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Bruce Jackson: Never Far From Home


Bruce Jackson

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Kelly meets Bruce Jackson, associate general counsel for Microsoft and a former entertainment attorney. He has a new memoir, “Never Far From Home: My Journey from Brooklyn to Hip Hop, Microsoft, and the Law.”

When you look back at how and where you grew up, what did you learn from that experience?

“I saw enough inequities within own my community, right? And when I started to get opportunities, and I realized why others have not: because the systemic racism that exists could remain the way it is. It should have changed years ago, and the fact that it hasn’t - that's no secret. My philosophy is no one is smarter than someone else. It is all about resources and environment. In fact, if you take someone out of the inner city and put them in an affluent area as a kid, that kid would do extremely well. And if you take the one out of the affluent area and put them in the inner city, they'll struggle. So, we know the answer. So why can't we just fix it?”

Tell us about your mom.  

“She was the anchor of the household, right? She was a single parent raising 6 kids. She worked in both a glass and a peanut factory, and that certainly wasn't enough to raise our family financially. So, we're on public assistance my entire life, but nonetheless she supported us and gave us all she had and was an inspiration for me to move forward. There were times in my path where I wanted to quit, but I drew on her struggles and the struggles with my grandmother, my aunt, to carry me forward.”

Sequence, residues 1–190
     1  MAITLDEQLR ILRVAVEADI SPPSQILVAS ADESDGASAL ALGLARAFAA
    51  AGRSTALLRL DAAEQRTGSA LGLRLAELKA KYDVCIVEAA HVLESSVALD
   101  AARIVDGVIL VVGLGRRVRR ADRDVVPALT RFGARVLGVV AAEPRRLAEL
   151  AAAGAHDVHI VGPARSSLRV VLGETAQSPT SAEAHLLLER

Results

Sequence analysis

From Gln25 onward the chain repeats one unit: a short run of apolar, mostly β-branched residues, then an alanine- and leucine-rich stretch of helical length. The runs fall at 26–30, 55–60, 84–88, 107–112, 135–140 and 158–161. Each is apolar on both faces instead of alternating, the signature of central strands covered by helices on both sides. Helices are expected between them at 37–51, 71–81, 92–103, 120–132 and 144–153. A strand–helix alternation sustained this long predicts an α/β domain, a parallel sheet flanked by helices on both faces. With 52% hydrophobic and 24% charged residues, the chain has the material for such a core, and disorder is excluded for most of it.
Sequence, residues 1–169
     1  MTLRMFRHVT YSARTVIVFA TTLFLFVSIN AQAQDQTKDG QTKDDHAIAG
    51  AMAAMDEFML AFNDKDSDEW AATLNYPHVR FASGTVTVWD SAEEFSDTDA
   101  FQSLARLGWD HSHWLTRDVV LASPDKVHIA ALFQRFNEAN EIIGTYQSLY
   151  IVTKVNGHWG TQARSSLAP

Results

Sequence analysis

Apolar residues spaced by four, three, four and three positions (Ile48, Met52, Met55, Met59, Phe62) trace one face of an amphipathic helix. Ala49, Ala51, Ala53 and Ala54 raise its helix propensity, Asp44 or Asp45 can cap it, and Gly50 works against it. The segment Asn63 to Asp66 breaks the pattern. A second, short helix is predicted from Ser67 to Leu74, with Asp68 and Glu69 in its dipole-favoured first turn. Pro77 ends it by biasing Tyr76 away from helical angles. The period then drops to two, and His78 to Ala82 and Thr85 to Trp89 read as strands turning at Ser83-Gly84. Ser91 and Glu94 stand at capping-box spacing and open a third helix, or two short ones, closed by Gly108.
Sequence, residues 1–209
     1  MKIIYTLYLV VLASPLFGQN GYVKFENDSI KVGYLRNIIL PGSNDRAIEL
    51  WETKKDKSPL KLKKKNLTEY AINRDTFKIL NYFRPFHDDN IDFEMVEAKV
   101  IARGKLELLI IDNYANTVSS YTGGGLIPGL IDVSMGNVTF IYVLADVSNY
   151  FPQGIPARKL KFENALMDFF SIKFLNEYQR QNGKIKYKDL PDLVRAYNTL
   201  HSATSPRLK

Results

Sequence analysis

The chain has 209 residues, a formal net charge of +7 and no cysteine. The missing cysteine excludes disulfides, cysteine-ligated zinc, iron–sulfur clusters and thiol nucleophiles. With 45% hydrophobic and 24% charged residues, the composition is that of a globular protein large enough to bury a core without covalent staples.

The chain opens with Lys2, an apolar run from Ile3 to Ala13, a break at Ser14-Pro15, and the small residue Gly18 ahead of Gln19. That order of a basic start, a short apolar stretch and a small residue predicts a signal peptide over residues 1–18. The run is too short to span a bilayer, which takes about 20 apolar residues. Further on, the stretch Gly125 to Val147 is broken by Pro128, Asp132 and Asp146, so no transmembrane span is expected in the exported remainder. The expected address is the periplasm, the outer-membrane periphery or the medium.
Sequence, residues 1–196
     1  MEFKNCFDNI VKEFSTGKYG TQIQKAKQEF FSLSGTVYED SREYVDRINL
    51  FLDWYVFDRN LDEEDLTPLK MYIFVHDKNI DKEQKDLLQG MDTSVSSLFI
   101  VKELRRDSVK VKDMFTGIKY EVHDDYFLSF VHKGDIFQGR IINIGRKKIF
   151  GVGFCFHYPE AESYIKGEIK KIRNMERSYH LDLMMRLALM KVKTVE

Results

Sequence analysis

You note that a lot of businesses talk about diversity and inclusion, but that it’s just that: talk.

“I think it has to be intentional diversity efforts, and what I mean by that, Kelly, is that there's a lot of diversity activity, and it's just activity. And to me that's noise. My premise that I always start with is what results have you made? And if you made positive results, let's analyze the activity. And then, if it's great, then perhaps we should see how we can tweak it to improve it. So, you can have greater impact. But I think a lot of companies are just paying lip service. They have a lot of activities that they want to basically put in the box and say, hey, these are the things that we're doing as opposed to really looking at what people are actually doing. And when we look at diversity, particularly in the legal profession, for the past 20 years it's been pretty flat. My position is: let's hire women and minorities and let's promote women and minorities using the same stand as we do a Caucasian man, and you may say, well, what's that? People are promoted based on potential.”

Photo credit: Erskine Isaac

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